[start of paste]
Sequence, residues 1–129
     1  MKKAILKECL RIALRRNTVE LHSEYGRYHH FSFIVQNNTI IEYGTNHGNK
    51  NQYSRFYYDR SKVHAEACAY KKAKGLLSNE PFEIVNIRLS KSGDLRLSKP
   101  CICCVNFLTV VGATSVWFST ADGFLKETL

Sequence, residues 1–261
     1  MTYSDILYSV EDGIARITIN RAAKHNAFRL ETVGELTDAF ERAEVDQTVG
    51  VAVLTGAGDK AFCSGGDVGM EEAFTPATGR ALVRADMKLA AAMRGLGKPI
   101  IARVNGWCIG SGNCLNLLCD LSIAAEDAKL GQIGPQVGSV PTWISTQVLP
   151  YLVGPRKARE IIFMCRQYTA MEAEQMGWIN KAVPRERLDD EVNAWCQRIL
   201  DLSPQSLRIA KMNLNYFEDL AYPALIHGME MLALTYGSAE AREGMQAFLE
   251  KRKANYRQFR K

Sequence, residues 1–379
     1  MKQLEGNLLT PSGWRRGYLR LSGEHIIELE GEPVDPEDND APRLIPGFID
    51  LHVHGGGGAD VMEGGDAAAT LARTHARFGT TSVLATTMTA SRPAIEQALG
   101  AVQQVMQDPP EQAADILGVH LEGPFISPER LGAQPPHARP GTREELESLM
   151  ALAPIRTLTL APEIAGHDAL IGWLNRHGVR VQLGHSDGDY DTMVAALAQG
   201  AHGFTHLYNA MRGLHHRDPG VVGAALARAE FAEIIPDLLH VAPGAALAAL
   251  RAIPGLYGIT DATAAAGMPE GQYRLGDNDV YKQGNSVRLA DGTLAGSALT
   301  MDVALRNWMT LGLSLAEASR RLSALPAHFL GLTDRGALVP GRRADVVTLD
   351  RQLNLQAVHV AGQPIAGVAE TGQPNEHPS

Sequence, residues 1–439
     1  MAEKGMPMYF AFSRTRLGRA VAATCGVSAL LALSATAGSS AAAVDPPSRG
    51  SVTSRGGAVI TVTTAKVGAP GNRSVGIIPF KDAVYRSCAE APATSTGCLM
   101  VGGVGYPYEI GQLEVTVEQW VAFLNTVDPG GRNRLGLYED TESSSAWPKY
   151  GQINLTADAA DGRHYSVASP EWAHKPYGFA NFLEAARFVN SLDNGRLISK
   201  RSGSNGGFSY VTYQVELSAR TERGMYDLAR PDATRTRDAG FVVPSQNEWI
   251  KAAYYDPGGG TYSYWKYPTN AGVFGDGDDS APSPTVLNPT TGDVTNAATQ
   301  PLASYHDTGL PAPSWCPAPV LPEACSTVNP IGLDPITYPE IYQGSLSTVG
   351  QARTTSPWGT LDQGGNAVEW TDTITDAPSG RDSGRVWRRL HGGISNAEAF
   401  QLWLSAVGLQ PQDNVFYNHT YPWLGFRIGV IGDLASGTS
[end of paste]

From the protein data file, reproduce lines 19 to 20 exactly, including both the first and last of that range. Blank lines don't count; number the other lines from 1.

   301  MDVALRNWMT LGLSLAEASR RLSALPAHFL GLTDRGALVP GRRADVVTLD
   351  RQLNLQAVHV AGQPIAGVAE TGQPNEHPS